Yogurt's History, Nutrition and Health Benefits
Yogurt--it's not just for health nuts anymore. Americans eat over 300,000 tons of it every year.
Like milk and other dairy products, yogurt has plenty of calcium and protein. But unlike milk, it can often be digested by people who are lactose intolerant.
That's because of the live and active bacteria cultures found in many yogurts. These good bacteria not only help digestion but may have other health benefits too.
Yogurt can be made from any milk-producing mammal.
In the U.S. we use mostly cow's milk. But in southeastern Europe, yogurt comes from sheep and goat's milk. In Egypt it's water buffalo milk, and in Sudan, camel milk.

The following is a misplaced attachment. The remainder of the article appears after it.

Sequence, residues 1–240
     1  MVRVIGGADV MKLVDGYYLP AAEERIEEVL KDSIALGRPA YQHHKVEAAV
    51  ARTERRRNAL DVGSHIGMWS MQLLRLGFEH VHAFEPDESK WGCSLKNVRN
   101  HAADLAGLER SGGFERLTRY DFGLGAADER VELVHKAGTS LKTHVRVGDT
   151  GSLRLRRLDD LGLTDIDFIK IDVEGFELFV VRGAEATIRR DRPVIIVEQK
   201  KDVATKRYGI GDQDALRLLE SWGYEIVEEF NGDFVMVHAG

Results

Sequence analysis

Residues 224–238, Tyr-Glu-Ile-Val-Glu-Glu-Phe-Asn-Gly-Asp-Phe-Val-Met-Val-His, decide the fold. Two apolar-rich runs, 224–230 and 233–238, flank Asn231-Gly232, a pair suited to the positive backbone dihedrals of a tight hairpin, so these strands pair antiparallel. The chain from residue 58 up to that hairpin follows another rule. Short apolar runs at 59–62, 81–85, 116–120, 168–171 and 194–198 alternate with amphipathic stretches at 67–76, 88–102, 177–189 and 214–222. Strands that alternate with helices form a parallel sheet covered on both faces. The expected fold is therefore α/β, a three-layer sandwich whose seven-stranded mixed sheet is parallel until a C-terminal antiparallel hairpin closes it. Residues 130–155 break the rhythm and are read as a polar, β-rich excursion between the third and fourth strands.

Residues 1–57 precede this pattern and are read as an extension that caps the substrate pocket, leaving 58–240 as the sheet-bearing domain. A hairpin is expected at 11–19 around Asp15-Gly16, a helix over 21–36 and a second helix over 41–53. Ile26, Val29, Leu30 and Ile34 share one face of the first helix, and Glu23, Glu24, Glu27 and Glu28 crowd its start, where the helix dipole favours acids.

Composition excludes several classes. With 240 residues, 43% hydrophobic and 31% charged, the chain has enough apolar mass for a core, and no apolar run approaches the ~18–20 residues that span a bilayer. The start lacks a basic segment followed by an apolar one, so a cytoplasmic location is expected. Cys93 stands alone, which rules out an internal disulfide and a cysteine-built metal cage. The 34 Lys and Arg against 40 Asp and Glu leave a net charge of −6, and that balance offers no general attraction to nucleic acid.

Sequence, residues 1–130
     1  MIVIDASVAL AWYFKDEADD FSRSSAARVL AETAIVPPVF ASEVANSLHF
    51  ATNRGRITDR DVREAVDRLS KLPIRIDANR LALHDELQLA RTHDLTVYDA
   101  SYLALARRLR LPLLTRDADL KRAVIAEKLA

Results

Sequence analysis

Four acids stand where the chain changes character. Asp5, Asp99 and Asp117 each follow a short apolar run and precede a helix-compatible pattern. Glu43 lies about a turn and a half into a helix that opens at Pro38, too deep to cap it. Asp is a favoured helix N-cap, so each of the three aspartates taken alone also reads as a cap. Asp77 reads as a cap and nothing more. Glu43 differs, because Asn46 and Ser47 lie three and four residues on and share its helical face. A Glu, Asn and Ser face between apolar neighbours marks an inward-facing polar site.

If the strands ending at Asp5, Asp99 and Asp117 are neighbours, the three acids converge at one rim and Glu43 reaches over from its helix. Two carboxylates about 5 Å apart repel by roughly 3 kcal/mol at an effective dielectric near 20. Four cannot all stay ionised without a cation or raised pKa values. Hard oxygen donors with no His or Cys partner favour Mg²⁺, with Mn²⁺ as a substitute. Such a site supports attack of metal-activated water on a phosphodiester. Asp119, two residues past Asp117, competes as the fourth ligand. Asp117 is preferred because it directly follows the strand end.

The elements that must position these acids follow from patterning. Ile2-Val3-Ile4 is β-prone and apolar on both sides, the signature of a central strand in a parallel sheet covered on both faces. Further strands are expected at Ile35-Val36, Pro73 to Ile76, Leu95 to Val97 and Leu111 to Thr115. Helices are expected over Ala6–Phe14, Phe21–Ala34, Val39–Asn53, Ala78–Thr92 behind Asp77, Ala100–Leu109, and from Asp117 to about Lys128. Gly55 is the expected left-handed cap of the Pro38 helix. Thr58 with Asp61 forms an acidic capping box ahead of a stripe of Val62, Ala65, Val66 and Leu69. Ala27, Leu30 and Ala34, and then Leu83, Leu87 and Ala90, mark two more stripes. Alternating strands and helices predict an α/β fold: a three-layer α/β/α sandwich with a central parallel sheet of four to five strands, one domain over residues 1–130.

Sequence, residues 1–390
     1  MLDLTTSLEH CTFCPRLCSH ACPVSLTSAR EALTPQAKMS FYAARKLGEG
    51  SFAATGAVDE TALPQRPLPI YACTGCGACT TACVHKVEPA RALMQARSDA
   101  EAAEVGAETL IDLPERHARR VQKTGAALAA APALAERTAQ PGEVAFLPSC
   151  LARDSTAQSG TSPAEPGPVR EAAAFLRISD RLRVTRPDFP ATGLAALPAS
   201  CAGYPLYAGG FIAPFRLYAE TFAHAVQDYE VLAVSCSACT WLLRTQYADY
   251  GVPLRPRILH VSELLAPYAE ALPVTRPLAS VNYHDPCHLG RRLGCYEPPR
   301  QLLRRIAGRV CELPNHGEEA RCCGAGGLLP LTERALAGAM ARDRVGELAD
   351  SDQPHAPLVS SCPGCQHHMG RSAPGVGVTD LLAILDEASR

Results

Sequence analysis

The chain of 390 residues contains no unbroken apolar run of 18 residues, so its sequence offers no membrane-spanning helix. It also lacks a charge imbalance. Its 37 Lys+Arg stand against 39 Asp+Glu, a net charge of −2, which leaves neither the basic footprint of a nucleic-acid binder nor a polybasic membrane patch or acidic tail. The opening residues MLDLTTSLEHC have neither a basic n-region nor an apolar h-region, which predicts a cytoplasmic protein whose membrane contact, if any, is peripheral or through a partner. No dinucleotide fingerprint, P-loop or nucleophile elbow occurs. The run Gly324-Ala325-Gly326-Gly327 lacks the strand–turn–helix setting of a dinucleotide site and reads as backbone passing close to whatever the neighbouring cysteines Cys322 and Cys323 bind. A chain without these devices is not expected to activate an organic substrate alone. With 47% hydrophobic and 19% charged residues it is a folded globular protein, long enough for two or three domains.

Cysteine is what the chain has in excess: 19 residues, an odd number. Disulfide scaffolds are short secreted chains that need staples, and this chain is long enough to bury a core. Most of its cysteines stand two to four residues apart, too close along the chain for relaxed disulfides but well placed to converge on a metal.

Yogurt's been on the menu for over 4,000 years--ever since wandering tribes in central Asia accidentally discovered that the milk in their goatskin pouches had fermented and turned into yogurt.
There are all kinds of ways to enjoy yogurt. In India it's mixed with mint or cumin and served on the side of spicy dishes.
And in the U.S, we freeze it and eat it as a dessert. Though frozen yogurt may sound healthier than ice cream, the sugar and calories can quickly add up--something to remember next time you're tempted to get a big cup topped with candy and chocolate sauce.
This entry last modified on: January 24, 2013 4:43 PM
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About the Video
Why is yogurt easier to digest than milk? Find out the answer to this question and other fascinating facts about this ancient food.